Mixing bowl (volute krater)
Greek, South Italian
Late Classical Period
about 340 B.C.
Style resembles the Varrese Painter
Place of Manufacture: Italy, Apulia
Vase-Painting in Italy (MFA), no. 038.
Height: 124.6 cm (49 1/16 in.); diameter: 56 cm (22 1/16 in.)
Medium or Technique
Ceramic, Red Figure
Greek Classical Gallery (Gallery 215C)
Connected with the work of the Varrese Painter; it is a possible link between the works of the Gioia del Colle Painter and the Painter of Copenhagen 4223 and those of the Darius Painter.
A: The death of Thersites. All the principal figures are labeled with incised inscriptions. Rows of white and yellow dots indicating groundlines run throughout the scene on several levels. Achilles (Greek) and the aged Phoenix (Greek) are shown at the center within the pavilion of Achilles, an airy structure with a pediment, palmette akroteria, and slender, fluted Aeolic capitals. In the center of the pediment is a slender figure with upraised arms, like the kouros-handle of a patera. The side of the pavilion’s floor is decorated with a labryinthine maeander and saltire-squares. The row of squares above the architrave resembles a Doric frieze but may represent the ends of the ceiling joists. Achilles is seated on a luxurious kline, his cloak beneath him, holding a spear in his right hand and leaning on a pile of cushions, which, like the mattress and coverlets, are elaborately embroidered. Long ringlets frame the hero’s face, drawn in three-quarter view. A sword, presumably that just used to decapitate Thersites (Greek), hangs at his side from a white baldric. Phoenix leans on his staff and holds his head in worry. His himation is pulled up over his head; his legs are crossed. The front of the couch is painted white, perhaps to indicate ivory. Its vine decoration is yellow, as is the broad footstool, decorated with egg-pattern. Two chariot wheels, a pair of greaves, a sword, a shield with a gorgoneion device, and a plumed piloshelmet, all yellow, hang from the ceiling of the pavilion. The decapitated body of Thersides, in shoes and disheveled himation, lies in front of the pavilion.
The eyes in the liberated head are shut in death; the grizzled beard shows that Achilles has killed an older man.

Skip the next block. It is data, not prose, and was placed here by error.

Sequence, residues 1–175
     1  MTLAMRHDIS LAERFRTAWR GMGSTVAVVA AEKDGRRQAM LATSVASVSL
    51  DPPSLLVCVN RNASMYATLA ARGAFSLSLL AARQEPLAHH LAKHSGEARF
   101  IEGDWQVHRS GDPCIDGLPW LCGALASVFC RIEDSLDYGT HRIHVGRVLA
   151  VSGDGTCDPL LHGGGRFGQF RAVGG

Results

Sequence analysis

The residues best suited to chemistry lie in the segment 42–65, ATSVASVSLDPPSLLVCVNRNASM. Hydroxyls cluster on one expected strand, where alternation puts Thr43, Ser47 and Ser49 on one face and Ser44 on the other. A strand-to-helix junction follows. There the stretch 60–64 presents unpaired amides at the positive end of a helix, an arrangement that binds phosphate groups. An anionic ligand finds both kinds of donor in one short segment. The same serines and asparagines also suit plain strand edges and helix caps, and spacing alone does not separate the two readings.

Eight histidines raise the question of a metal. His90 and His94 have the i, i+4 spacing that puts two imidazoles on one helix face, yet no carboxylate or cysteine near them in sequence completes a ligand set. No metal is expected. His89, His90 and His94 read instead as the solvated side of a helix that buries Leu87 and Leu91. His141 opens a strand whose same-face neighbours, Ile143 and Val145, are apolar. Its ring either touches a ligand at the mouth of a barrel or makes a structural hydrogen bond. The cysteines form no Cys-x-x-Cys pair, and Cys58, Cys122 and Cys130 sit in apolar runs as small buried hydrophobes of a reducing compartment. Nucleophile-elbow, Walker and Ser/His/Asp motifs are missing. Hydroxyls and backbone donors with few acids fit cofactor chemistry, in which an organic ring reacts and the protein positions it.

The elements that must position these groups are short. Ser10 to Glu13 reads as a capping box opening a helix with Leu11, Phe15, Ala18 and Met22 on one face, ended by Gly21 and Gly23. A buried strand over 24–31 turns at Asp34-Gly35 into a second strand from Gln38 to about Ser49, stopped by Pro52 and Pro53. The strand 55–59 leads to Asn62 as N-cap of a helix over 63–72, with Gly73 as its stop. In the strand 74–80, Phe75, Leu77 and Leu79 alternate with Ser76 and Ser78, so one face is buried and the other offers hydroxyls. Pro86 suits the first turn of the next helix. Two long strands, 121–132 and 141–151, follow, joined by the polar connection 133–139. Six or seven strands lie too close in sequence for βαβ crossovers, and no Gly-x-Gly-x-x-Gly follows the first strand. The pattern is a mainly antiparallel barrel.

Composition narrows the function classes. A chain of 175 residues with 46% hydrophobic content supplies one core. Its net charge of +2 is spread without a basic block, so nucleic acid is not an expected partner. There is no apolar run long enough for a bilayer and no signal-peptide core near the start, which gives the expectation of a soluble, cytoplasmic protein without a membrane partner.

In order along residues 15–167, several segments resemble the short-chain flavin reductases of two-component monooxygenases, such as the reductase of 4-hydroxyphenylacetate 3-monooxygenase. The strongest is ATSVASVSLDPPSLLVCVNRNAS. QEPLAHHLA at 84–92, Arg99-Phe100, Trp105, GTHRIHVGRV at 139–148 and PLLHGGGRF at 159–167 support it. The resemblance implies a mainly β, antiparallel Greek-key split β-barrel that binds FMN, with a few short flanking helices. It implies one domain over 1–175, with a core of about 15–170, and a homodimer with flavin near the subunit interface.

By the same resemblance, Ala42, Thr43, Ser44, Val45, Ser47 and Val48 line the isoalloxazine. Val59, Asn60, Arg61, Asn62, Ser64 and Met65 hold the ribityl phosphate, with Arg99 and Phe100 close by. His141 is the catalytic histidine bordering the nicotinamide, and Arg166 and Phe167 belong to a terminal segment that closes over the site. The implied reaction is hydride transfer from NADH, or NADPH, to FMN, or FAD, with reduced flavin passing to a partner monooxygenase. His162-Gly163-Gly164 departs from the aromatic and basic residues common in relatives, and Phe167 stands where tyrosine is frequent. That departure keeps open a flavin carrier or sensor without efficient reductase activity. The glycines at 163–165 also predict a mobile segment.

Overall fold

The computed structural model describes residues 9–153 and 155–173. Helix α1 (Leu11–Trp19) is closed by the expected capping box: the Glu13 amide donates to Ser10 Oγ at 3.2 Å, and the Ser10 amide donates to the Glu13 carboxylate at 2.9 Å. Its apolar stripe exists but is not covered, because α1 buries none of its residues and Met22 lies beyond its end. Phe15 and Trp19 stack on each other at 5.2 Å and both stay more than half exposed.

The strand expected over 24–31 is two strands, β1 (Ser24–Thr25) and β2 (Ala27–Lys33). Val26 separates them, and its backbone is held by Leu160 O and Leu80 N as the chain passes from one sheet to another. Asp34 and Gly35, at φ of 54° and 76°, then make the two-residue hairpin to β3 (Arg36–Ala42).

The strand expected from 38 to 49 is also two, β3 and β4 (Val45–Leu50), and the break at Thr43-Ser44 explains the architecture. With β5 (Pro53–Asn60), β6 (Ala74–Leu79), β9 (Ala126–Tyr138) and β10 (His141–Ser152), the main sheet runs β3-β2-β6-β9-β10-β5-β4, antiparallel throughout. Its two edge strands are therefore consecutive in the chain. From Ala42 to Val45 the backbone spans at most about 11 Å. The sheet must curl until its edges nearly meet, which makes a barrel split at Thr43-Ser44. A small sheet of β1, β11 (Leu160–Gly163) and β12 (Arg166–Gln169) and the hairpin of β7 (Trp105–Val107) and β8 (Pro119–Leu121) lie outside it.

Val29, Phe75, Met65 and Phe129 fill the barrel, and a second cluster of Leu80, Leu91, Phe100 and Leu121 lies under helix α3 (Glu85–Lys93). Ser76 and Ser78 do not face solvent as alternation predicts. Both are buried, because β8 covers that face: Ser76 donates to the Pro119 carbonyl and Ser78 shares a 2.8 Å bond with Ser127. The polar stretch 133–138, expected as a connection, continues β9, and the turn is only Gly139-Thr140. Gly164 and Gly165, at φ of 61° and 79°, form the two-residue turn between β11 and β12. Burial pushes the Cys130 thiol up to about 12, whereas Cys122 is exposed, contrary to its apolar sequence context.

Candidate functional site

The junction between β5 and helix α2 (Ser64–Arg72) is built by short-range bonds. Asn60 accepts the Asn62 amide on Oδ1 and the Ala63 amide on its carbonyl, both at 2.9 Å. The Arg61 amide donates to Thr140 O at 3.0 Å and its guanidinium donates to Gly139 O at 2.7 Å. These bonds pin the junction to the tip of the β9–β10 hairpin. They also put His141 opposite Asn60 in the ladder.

Other heroes and divinities are on either side. Agamemnon (Greek) approaches from the left, holding a scepter with an eagle finial in his right hand. He wears an embroidered, long-sleeved tunic, embades, and a swirling himation. Agamemnon is followed by the younger Phorbas (Greek), who wears embades, a chlamys, and a yellow pilos, and rests a spear on his left shoulder. To the right, Diomedes (Greek), the cousin of Thersites, wearing a chlamys and a white pilos, rushes up to avenge his kinsman. He is accompanied by an Aetolian warrior (Greek) with a spear, sword baldric, and yellow shield. Diomedes starts to draw his sword, but is restrained by Menelaos (Greek). Menelaos wears a chlamys and has a sword slung at his left side.
In the upper tier are four figures. At the left of the pavilion are Pan (Greek) and a seated, winged figure like a Fury, labeled Poina (Vengeance). The Fury wears an embroidered chiton with a white belt, crossed bandoleers, tall boots, and a necklace. White snakes twine in her hair. Her face is in three-quarter view. In her right hand she holds a sword; in her left, a scabbard and spear. Pan is leaning against a tree, a spotted animal skin over his shoulders and a wreath on his horned head. He holds his yellow-brown pedum in his right hand. In the field above is a rosette.
To the right of the building Athena (Greek) sits on a round, yellow shield, wearing chiton, himation, yellow shoes, and white diadem, aegis, bracelets, earrings, and necklace. In front of her, Hermes (Greek) stands with his legs crossed, wearing winged shoes, chlamys, and wreath. He carries his yellow caduceus and petasos in his left hand and a tall branch with a pendant fillet in his right. At the lower left, the helmeted Automedon, wearing a chlamys, kneels with a shield on his left arm and a spear in his right hand, as if guarding the mutilated Thersites. In the foreground and around Automedon (Greek) and the dead man are objects testifying to the violent action: a broken lustral basin, a tripod, a staff, a footbath, and a variety of metal vases, including two phialai, a kantharos, an oinochoe, and a volute-krater.
To the right, a slave or commoner (Greek), wearing boots and a cloak over his left arm, runs off in horror. Many of the larger yellow objects, like shields are toned so that more of the white underpainting shows through at either the forward or
upper edge to suggest the play of light.